We welcome proponents suggesting alternative contract structures or commercial models, particularly where it may help reduce the total cost to consumers, e.g.:

  • Payment structures that make trade-offs between availability, enablement, and variable payments
  • Proposals for how payments / prices could be structured, i.e., we do not necessarily require a single fixed price for the life of the contract – you could offer a schedule of prices etc., noting that OSM bid prices will need to structured in accordance with OSM procedures, which are yet to be determined.

7. What technologies are eligible to provide system strength?

Any technology that can provide fault current is eligible to provide system strength for the shortfall requirement (from 1 July 2025).

For the System Strength Rule Change requirement (from 2 December 2025):

  • Any technology that can provide fault current is eligible to provide system strength for the minimum and/or efficient levels of system strength.
  • Any technology that can help maintain stable voltage waveform is eligible to provide system strength for the efficient level of system strength.

Potential non-network options may be existing plant or new plant and can include but are not limited to:

  • synchronous generators;
  • synchronous hydro units operating in ‘synchronous condenser’ mode;
  • conversion of existing synchronous generators to synchronous condensers;
  • synchronous condensers (with or without fly wheels);
  • grid forming battery energy storage systems;
  • grid forming inverter-based renewable generators;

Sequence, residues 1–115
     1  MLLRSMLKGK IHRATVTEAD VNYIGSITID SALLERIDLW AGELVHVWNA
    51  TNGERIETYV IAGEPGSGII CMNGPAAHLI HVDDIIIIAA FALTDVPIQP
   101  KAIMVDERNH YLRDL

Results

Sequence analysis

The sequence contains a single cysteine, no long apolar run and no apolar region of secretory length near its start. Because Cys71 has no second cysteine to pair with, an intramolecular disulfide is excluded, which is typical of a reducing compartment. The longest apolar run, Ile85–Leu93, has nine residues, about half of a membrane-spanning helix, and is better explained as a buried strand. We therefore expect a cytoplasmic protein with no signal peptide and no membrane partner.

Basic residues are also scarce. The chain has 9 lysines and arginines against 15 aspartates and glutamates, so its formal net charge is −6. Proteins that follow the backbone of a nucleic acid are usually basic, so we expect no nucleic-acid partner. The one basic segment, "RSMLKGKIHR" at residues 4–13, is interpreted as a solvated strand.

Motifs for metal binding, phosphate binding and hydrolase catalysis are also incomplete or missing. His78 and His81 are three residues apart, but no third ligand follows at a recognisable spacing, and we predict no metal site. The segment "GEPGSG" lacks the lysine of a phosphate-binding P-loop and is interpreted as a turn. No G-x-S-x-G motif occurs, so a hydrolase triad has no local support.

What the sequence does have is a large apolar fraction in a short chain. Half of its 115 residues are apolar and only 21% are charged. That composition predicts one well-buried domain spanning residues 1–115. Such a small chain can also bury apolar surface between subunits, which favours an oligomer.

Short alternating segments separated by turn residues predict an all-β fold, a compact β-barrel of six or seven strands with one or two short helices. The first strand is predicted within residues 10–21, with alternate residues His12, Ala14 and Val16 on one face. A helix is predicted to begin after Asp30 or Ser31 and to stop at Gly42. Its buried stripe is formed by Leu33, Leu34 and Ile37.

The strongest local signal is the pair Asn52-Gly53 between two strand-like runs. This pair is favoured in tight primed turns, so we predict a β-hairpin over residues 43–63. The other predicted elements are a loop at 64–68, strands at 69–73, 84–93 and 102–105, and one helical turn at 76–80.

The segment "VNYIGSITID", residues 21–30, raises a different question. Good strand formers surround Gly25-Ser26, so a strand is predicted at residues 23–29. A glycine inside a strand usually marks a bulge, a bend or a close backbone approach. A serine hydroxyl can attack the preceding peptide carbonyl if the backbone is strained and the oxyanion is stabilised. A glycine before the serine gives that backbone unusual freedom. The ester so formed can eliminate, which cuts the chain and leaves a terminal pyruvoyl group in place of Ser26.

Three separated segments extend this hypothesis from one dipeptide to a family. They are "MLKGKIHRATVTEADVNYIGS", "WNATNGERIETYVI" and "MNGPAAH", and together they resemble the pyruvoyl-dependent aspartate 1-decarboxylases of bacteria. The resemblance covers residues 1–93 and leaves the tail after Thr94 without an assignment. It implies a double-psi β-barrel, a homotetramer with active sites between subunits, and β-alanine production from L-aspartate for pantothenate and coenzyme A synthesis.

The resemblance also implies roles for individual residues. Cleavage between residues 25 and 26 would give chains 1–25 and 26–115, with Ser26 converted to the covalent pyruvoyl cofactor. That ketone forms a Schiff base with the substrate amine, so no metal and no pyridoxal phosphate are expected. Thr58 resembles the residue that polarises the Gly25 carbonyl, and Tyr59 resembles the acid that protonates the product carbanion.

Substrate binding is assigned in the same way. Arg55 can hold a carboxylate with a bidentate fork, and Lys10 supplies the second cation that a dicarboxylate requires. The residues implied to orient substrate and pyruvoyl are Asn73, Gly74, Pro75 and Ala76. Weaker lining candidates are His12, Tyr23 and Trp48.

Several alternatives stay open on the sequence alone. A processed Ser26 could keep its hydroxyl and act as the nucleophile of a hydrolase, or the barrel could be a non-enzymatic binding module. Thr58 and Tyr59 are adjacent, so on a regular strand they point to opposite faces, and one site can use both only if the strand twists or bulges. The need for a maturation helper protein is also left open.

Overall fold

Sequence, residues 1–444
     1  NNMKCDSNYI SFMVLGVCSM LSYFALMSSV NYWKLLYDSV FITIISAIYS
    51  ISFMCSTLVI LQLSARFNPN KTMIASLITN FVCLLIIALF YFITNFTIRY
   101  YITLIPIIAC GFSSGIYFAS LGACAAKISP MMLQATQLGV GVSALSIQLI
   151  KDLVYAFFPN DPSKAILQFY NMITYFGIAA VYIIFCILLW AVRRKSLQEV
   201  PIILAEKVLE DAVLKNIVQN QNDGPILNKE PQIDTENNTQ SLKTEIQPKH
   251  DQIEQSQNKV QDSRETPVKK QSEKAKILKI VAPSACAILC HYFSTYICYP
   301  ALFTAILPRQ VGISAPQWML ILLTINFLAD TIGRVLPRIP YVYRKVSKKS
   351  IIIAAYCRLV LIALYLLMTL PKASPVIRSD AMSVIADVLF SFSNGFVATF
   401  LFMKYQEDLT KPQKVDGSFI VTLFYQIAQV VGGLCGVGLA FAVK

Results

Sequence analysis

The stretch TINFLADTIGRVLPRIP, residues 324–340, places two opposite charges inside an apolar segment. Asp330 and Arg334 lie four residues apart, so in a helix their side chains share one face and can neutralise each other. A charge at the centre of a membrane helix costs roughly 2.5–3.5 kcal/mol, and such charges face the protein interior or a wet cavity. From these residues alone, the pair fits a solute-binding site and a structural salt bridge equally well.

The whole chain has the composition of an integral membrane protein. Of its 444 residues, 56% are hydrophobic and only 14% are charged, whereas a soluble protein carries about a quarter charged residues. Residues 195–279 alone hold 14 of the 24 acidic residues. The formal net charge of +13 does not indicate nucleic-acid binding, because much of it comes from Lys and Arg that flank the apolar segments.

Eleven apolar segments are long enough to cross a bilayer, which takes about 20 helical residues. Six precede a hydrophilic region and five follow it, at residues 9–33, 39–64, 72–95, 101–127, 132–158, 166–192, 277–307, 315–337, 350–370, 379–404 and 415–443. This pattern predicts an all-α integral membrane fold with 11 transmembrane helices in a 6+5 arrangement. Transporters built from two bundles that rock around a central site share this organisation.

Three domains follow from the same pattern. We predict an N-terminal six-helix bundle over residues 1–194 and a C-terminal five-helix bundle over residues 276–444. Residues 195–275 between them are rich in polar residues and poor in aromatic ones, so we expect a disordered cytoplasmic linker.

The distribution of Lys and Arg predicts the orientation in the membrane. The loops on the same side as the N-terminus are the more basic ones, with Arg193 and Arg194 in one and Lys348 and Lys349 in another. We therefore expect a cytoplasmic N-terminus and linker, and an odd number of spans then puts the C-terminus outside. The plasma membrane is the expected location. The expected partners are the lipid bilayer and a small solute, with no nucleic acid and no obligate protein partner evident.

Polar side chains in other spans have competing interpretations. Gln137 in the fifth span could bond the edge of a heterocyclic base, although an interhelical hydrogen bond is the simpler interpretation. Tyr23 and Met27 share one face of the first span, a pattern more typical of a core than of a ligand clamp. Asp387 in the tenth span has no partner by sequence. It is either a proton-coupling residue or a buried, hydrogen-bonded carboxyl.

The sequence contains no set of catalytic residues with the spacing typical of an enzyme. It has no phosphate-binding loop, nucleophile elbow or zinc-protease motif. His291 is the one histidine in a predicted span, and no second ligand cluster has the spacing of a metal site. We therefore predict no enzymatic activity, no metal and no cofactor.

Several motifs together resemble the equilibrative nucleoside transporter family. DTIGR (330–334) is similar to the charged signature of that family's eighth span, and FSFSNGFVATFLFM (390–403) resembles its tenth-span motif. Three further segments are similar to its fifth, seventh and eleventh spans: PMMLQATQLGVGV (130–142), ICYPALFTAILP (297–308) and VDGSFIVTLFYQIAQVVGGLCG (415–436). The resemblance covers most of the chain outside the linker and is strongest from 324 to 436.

• grid forming SVCs or STATCOMs; and
  • other modifications to existing plant.

8. How can a grid-forming inverter solution provide system strength?

There are two ways that a grid-forming inverter solution (e.g.  grid-forming batteries and grid-forming STATCOMs) can meet Transgrid system strength requirements:

Fault current

A grid-forming inverter’s ability to provide fault current may depend on many factors, including (but not limited to) its: 

  • Short-term current capability (for the avoidance of doubt, a short-term overload capability can increase fault current contributions, but not mandatory);
  • Other technical characteristics/capabilities;
  • Control strategy;
  • Proposed/agreed generator performance standards;
  • Pre-fault state.

Battery/inverter vendors are best placed to advise on these matters.

The detailed technical requirements for a grid-forming inverter providing fault current are still to be determined. However, Transgrid’s current understanding is that a grid-forming inverter provides fault current contributions regardless of how much power it was expecting immediately prior to the fault (e.g. as a result of energy/FCAS market dispatch).

Stable voltage waveform